The North Korean leader's sister Kim Yo-jong said Friday that the North is open to "constructive discussions" to improve inter-Korean relations if the South drops what she called its hostile attitude toward the regime.
In a statement released by the North's state media, Kim called South Korean President Moon Jae-in's recent proposal for an end of war declaration a (quote) "interesting and good idea."
"The North has lowered the threshold for talks, but it's still keeping the one condition an end to hostile policies against the regime."
Kim also said it's a double standard to condemn what she called the North's self-defensive moves while rationalizing those of others', an apparent criticism of Seoul's joint military drills with Washington and the South's recent test-firing of an SLBM.
Kim's relatively toned-down statement came just hours after the North's Vice Foreign Minister Ri Thae-song called the proposal of an end-of-war declaration "premature."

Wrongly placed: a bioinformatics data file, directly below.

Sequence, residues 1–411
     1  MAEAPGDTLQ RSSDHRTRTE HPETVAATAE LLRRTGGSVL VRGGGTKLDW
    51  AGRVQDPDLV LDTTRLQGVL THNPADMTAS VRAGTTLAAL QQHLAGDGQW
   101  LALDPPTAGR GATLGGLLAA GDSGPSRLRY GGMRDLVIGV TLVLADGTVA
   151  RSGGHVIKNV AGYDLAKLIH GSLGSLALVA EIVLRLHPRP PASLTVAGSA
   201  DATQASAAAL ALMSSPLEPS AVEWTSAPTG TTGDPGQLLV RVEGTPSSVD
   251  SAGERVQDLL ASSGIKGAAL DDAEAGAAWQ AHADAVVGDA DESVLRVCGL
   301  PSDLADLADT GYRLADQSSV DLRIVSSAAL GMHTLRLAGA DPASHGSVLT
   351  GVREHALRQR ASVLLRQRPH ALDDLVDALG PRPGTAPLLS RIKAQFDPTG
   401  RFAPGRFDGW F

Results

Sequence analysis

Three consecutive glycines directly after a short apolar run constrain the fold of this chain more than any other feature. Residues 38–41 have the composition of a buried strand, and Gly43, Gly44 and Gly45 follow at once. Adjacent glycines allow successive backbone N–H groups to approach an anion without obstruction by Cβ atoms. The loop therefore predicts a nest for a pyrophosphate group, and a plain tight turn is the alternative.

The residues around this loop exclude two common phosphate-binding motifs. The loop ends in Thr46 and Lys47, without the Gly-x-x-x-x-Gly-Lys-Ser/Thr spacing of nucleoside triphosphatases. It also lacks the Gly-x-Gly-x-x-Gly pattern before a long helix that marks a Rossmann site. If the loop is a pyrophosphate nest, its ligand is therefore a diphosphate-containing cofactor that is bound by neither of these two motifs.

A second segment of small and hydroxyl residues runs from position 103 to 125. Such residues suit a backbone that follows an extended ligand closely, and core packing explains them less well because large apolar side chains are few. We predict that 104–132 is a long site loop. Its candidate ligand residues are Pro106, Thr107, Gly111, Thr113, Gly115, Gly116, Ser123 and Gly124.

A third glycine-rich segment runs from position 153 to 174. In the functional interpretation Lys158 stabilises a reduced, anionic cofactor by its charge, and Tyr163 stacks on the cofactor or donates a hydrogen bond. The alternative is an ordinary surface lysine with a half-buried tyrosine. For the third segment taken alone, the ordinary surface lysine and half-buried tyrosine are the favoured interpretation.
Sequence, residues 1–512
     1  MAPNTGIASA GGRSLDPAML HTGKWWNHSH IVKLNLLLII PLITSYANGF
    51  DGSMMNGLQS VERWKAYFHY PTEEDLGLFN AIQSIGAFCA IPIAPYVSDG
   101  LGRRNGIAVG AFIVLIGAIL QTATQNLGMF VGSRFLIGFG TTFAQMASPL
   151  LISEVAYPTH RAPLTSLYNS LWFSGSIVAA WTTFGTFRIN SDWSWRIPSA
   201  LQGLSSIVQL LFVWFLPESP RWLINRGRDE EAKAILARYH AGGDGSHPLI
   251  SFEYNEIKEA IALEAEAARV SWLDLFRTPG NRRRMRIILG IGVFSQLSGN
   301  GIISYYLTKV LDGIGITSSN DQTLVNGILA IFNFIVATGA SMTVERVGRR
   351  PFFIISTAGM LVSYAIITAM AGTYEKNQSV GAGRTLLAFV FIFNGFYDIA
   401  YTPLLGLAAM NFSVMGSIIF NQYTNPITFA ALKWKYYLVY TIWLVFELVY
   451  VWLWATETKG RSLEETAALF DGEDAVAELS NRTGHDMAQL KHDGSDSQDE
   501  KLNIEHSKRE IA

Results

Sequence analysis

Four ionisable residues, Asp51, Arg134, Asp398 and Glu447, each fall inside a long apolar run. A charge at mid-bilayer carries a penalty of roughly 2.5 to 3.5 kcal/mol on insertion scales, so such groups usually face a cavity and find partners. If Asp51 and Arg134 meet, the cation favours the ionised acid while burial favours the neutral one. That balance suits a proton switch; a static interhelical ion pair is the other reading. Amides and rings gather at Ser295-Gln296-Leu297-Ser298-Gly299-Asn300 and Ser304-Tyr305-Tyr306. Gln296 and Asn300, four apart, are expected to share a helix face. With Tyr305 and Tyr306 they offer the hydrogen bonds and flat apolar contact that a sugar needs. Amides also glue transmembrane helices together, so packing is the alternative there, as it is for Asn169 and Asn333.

Observers say Pyeongyang is making sure to use Seoul's proposal as a way to get what it wants.
"The North is urging the South to take concrete steps and not just talk. It's also an indirect message telling Seoul to convince Washington to create the right conditions for talks."
President Moon proposed at the UN General Assembly earlier this week that the two Koreas, the U.S., and possibly China declare an end to the war that technically is still going on following the armistice agreement in 1953.
While carefully analyzing Kim's latest remarks, Seoul's unification ministry reiterated its long-held stance that the government will continue its efforts to restore inter-Korean ties.
Kim Dami, Arirang News.